Saturday, January 29, 2011

Locals Concerned About Shops at Atlas Park Future with Center Set for Auction by Nicholas Hirshon - NY Daily News

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The Shops at Atlas Park have been run by a court-appointed receiver for two years

A foreclosed Queens mall is set to be auctioned Friday, marking a turning point for the embattled Shops at Atlas Park as locals wonder how a new owner will operate its mix of stores and eateries.
The Glendale complex, which has been run by a court-appointed receiver for two years, will go up for bids at the 11 a.m. sale at Queens Supreme Court.
At stake is the future of Atlas Park, an outdoor shopping center with a movie theater, a Borders bookstore and chain restaurants. Many of the mall's smaller businesses have slumped through recent years.
Insiders said it's hard to predict the sale's outcome.
"It's either going to be anti-climactic or you're going to have four bidders going hot and heavy on this thing," said lawyer Dennis Cappello, appointed by the court to run the sale.
The banks that mortgaged the mall, Credit Agricole and Société Générale, hope to snare at least $119 million - about the amount of the loan to the mall's founders, Atlas Park LLC.
Among the parties rumored to be in the mix for the auction are Cypress Equities, once affiliated with football legend Roger Staubach, and the mall founders, the family of ex-MTA Chairman Dale Hemmerdinger.
Cypress has denied interest in bidding. Hemmerdinger's son, Damon, once the mall's development director, declined comment.
Locals figured a national mall operator could also swoop in.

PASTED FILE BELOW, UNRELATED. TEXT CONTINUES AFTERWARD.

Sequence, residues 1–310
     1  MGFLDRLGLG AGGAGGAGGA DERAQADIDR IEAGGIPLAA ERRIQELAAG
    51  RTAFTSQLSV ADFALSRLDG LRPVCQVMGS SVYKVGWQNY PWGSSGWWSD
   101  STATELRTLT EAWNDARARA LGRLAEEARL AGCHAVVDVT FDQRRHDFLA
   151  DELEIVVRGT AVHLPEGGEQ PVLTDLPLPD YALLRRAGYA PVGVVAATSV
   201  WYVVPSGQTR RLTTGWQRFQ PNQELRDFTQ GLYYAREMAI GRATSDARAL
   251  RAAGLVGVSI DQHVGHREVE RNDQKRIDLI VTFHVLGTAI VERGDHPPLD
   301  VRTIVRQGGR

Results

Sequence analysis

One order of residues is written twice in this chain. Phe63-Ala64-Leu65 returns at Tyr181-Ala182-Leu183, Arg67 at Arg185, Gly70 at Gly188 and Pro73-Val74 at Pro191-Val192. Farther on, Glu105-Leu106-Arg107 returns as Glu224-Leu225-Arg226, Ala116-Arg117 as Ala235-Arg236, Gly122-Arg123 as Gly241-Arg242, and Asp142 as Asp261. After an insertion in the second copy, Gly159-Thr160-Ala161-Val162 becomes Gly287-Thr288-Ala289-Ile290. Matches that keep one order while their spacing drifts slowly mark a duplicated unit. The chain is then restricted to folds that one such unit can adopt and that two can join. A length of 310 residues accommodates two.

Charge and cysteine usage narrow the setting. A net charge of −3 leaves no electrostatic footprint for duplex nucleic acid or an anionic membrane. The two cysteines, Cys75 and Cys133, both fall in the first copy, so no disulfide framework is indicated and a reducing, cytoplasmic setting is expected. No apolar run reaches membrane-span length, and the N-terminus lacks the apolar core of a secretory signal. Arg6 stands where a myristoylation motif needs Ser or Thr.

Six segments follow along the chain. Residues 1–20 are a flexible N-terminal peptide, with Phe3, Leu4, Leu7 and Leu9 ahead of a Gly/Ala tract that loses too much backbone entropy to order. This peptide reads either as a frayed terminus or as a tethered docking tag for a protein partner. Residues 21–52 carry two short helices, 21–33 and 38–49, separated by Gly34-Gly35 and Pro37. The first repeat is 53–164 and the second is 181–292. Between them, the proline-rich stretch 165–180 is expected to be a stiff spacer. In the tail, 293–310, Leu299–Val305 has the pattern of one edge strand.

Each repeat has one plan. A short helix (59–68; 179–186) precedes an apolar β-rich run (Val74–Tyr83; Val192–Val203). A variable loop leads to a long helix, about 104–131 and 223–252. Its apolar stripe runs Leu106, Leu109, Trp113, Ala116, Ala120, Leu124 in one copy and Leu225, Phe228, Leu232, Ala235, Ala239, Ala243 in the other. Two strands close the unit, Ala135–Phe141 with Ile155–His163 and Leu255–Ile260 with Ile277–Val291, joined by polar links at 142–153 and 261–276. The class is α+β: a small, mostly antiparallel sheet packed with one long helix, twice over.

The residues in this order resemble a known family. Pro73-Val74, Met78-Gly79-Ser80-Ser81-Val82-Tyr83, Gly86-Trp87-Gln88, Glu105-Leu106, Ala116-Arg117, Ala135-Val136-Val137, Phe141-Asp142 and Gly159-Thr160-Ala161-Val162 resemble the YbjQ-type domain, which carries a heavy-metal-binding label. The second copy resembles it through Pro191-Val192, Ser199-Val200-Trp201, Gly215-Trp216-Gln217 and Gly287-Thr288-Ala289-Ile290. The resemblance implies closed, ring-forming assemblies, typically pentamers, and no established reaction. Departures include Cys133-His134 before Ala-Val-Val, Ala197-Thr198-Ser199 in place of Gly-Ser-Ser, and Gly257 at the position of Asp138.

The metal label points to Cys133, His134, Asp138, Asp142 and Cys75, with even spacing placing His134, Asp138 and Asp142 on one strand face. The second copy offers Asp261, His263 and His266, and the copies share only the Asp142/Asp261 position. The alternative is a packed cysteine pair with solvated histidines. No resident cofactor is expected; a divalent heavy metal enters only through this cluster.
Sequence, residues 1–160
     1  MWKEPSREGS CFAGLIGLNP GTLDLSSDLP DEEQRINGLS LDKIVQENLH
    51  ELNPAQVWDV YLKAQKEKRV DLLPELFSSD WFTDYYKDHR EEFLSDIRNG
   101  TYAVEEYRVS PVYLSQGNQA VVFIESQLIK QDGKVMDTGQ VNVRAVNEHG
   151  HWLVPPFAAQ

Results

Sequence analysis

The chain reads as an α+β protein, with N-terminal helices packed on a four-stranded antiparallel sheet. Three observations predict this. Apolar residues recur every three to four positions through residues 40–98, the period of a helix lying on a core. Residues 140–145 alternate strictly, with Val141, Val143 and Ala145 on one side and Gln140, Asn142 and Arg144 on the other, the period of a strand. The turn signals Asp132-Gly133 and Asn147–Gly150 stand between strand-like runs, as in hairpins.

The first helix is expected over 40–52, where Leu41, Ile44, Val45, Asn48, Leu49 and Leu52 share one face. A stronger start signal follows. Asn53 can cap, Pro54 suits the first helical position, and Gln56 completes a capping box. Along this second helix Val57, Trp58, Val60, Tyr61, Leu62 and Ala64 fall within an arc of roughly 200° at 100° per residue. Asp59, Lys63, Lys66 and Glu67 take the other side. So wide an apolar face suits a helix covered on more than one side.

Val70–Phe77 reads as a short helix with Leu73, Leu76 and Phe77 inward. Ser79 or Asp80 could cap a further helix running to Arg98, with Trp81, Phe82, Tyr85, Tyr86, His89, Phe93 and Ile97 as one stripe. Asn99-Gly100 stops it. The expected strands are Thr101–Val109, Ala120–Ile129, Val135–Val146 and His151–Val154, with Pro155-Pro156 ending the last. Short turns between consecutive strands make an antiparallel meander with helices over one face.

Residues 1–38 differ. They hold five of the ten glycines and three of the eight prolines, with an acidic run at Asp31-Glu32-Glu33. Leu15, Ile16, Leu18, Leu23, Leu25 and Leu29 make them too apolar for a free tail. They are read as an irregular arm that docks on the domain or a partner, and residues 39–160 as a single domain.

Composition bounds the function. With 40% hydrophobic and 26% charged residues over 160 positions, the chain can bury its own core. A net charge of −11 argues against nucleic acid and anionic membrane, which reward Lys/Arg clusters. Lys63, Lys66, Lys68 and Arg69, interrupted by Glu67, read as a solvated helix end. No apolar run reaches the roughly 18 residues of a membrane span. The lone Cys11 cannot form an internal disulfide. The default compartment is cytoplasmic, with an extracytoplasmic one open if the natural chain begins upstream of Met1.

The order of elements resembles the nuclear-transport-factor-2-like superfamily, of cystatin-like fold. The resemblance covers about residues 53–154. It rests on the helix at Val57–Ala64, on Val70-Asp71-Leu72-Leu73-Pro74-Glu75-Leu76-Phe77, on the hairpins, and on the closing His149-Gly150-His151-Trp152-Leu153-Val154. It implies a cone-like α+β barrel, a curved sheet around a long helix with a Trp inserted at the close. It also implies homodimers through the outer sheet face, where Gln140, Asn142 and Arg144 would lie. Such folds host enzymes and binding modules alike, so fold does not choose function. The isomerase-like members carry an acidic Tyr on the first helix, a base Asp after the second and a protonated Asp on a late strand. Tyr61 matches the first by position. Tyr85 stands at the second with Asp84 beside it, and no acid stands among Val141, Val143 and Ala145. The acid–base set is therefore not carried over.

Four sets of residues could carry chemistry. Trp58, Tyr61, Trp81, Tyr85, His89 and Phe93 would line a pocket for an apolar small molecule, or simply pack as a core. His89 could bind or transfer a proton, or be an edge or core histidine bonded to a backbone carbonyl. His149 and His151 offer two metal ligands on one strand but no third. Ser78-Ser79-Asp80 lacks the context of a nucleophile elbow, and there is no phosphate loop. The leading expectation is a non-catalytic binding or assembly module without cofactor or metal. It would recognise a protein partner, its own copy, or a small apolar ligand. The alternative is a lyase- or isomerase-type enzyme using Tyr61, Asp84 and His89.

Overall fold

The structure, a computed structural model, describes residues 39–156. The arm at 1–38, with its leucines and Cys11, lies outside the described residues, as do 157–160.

The powerhouse Chicago firm McCaffery Interests, once considered a frontrunner to land Atlas Park, dropped out last fall.
But the bidding war may not play out. The auction will be postponed if Atlas Park LLC files for bankruptcy before the sale. Sources said that scenario is unlikely.
Cappello said the banks had not decided as of yesterday morning on an "upset price," or the minimum amount at which the mall can be sold.
If the banks set an upset price and no bidder goes that high, the mall becomes bank property.
In that case, the banks would probably seek to sell the property as soon as possible rather than manage the mall, sources said.
An attorney for the banks declined comment.
Questions linger about the mall's direction under a new owner, who might decide to shift its focus from upscale to more affordable stores - or even raze the place for an entirely new project.
Residents are counting on the sale to end a tumultuous period for the Cooper Ave. center.
"We need to move forward," said Kathy Masi of the Glendale Civic Association.